Liberal Arts Blog — The American, French, and British Flags: What Do the Colors Stand For? Who Cares? Who Should?
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Today’s Topic: The American, French, and British Flags: What Do the Colors Stand For? Who Cares? Who Should?
What were you taught at home or in school? Did the topic even come up? Should it? What would logic say they should stand for? If you were chair of a committee appointed to assign meaning to each, what would your recommendation be? Is ambiguity a virtue in this matter? Today, a few notes. Experts — please chime in. Correct, elaborate, elucidate.
THE US FLAG: Charles Thomson (1729–1824), Secretary of the Continental Congress (first link below)
1. “White signifies purity and innocence.”
2. “Red, hardiness and valour.”
3. “Blue signifies vigilance, perseverance, and justice.”
NB: How about the red representing red states, the blue states, and white peace between them? (on the model of the Irish flag — green for Catholics, orange for Protestants, and white for peace between them). Or red representing the principle of liberty, blue the principle of justice and white the reconciliation of the two? Or perhaps white could stand for the principle of truth, without which there is no justice, nor freedom.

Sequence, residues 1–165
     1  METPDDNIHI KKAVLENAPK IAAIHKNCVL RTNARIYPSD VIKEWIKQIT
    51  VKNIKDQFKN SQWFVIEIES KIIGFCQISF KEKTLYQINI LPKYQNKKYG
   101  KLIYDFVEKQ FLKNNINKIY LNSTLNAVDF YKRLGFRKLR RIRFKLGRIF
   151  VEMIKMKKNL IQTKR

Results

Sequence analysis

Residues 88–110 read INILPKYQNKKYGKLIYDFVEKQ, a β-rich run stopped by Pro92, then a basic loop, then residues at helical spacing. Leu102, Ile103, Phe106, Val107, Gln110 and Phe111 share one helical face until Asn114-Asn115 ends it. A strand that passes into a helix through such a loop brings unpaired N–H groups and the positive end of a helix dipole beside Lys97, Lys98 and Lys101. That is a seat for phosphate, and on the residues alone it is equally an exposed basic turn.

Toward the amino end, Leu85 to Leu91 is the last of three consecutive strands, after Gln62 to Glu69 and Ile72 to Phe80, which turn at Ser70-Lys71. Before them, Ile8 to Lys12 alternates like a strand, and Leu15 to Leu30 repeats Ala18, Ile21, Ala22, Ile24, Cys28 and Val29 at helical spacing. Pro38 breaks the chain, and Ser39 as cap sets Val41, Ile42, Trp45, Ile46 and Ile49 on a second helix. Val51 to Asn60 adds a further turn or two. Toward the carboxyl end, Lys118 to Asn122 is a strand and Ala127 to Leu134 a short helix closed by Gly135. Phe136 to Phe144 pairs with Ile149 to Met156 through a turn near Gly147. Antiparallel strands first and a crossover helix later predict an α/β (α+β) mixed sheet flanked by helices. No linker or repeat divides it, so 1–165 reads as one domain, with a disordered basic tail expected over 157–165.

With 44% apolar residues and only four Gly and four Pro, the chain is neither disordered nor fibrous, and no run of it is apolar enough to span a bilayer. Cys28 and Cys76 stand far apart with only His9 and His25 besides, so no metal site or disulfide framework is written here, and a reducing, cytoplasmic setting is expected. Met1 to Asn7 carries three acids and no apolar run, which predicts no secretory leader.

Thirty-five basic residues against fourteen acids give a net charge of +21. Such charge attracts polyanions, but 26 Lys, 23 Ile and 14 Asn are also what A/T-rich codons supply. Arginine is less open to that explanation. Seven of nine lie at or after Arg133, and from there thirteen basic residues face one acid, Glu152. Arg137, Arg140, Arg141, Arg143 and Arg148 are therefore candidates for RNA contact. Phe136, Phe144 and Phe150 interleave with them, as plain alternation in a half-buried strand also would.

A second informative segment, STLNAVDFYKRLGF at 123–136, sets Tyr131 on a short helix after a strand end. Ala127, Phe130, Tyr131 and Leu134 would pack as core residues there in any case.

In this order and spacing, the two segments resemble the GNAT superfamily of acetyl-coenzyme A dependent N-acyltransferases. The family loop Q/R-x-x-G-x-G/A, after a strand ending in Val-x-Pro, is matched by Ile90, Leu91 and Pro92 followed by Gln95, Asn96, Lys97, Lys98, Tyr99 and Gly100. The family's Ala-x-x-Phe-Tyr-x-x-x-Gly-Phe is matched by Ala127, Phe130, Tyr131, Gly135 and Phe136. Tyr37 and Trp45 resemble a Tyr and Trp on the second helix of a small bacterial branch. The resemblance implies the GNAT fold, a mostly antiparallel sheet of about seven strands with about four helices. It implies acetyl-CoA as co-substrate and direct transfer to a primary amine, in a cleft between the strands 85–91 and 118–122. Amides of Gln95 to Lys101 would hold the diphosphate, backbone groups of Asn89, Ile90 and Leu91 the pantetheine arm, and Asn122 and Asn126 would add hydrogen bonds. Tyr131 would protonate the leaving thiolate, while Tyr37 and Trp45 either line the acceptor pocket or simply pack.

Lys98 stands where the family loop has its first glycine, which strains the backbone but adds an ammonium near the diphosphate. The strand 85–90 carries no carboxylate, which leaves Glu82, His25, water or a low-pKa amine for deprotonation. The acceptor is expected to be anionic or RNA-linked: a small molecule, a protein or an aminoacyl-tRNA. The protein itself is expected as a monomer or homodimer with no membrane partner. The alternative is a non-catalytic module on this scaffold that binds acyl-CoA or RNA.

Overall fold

THE FRENCH — logic and history evoke these possible meanings
1. “Liberty, Equality, Fraternity” (Liberte, Egalite, Fraternite)
2. These were the colors of the Dutch Republic and the “three colors of liberty.”
3. White was the color of the clergy, blue of the aristocracy, red of the bourgeois or middle class. Is the flag primarily a symbol of national unity?
NB: White represents the King, blue and red are the colors of Paris. Alternatively, a traditionalist, Catholic view: “Blue symbolizes Saint Martin (Martin of Tours), a Christian saint with a shrine in Paris. Red symbolizes Saint Denis, a martyr and saint who was the Bishop of Paris. White symbolizes the Virgin Mary or Joan of Arc.”
THE UNITED KINGDOM — the merger of three countries, three saints, three crosses
1. England: the vertical red cross of St. George, the patron saint of England, on a white background.
2. Scotland: a diagonal white cross of St. Andrew, on a blue background
3. Ireland: a diagonal red cross of St. Patrick, on a white background
NB: Kind of a visual jumble? And, oops, what about Wales? The United Kingdom is actually comprised of four constituent countries, three of which collectively make up “Great Britain” (England, Scotland, and Wales). The fourth is, of course Northern Ireland. The flag of Wales includes the color green plus a red dragon. Can you visualize inclusion of either in the Union Jack?
FOOTNOTE: flags, colors, and the law of diminishing returns
1.) Does the law of diminishing returns set in rapidly after three colors in a flag?
2.) Is the flag of South Africa, for example, too busy? It has six colors.
3.) Or is it the exception that proves the rule?
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